Wooden printing type has been around as long as typography itself, but it wasn’t until a series of relatively simple inventions in the 1800s made it practical to manufacture on a mass scale. These advances provided printers with larger type than was available in metal, spurring the richly typographic culture of the 19th century with its circus posters, theatre broadsides, and sensational advertising.
A variety of production processes have been employed to create wood type since then, each with their own influence on the practice of typeface design. Even today, modern makers are incorporating digital technology to produce their own large printing type. Through an examination of these processes, including a current project with the Hamilton Wood Type & Printing Museum, Nick Sherman will give some perspective on the shape of wood type.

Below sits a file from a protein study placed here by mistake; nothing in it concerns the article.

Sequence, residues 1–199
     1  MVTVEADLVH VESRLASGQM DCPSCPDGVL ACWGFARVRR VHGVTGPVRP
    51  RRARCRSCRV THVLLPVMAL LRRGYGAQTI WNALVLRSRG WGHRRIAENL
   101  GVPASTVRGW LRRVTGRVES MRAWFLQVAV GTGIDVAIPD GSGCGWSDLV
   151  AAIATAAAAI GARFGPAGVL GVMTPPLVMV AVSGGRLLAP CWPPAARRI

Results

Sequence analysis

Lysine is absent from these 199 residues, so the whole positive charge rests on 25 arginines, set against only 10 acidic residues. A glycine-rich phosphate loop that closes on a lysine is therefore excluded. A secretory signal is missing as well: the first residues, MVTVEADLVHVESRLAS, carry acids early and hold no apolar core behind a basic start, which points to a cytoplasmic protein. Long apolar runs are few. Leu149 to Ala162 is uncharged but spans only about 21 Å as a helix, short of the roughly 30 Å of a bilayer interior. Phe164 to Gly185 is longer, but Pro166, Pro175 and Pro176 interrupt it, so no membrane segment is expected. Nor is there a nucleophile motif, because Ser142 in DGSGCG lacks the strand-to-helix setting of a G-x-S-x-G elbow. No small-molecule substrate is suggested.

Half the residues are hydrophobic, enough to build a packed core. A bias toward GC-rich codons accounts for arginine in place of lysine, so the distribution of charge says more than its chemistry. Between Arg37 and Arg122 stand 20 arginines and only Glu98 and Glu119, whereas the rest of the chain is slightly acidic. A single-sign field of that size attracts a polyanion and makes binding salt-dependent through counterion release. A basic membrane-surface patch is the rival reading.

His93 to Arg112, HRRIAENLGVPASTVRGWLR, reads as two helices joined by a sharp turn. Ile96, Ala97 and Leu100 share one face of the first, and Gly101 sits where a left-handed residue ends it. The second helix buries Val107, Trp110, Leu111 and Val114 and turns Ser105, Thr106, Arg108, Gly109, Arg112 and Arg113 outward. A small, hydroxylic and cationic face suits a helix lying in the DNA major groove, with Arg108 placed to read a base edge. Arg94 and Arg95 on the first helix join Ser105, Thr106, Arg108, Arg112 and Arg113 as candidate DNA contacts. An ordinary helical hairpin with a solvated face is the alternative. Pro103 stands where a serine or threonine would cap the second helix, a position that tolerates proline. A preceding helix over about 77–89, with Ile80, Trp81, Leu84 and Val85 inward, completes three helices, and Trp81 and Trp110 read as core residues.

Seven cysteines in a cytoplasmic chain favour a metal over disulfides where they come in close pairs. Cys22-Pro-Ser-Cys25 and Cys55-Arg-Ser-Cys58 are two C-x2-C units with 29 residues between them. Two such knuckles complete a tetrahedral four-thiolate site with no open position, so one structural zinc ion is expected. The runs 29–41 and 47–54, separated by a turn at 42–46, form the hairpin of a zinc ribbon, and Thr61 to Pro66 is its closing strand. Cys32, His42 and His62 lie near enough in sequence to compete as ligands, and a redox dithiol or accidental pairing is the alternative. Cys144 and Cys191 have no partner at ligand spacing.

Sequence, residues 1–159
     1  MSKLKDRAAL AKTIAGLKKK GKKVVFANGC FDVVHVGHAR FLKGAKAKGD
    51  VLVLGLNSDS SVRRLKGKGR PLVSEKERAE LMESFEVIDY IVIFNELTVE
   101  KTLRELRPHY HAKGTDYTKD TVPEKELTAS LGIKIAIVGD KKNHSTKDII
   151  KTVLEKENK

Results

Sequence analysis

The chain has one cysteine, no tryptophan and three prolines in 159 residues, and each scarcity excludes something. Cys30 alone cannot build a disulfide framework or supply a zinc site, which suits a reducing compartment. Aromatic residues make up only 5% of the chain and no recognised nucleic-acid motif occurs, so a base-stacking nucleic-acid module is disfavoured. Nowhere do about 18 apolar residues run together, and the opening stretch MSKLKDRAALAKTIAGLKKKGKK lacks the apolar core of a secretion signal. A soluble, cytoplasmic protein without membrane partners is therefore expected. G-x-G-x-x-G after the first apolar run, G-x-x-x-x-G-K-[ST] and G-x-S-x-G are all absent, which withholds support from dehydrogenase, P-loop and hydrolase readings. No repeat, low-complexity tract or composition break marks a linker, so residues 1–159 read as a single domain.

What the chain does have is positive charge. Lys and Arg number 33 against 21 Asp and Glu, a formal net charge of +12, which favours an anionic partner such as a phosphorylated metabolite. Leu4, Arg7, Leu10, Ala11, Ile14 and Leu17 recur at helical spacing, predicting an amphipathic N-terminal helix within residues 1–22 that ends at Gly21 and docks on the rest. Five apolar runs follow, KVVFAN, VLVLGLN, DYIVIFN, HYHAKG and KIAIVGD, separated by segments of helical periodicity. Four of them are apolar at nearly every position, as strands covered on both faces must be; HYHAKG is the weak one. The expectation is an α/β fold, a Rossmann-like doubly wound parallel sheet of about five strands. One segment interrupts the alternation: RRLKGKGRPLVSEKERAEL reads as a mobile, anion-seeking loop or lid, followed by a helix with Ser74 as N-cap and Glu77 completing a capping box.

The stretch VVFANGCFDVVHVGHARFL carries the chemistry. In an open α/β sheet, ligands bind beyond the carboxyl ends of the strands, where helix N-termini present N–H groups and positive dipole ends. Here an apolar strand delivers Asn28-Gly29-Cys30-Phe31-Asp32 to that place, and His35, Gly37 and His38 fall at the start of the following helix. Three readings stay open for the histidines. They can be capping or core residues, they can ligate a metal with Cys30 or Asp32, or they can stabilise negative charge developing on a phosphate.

About Nick Sherman
He is a co-founder of Fonts In Use and a columnist at A List Apart. He serves on the board of directors for the Type Directors Club as well as the artistic board for the Hamilton Wood Type & Printing Museum. He is both a graduate and consultant for the Type@Cooper typeface design program at Cooper Union.
Nick graduated with honors from the Graphic Design program at MassArt in Boston, where he also taught undergraduate typography. He previously worked at MyFonts, overhauling the web design and promotional material for the world’s largest collection of fonts. Some of his other projects include Woodtyper, Pizza Rules!, Specimenism, and a personal photo journal. He also participates in the Kaiju Big Battel live monster wrestling group.
Nick is an active member in the Society of Printers, ATypI, and American Printing History Association. Originally from Cape Cod, he is also a skateboarder, pizza enthusiast, printer, musician, and classic horror film buff.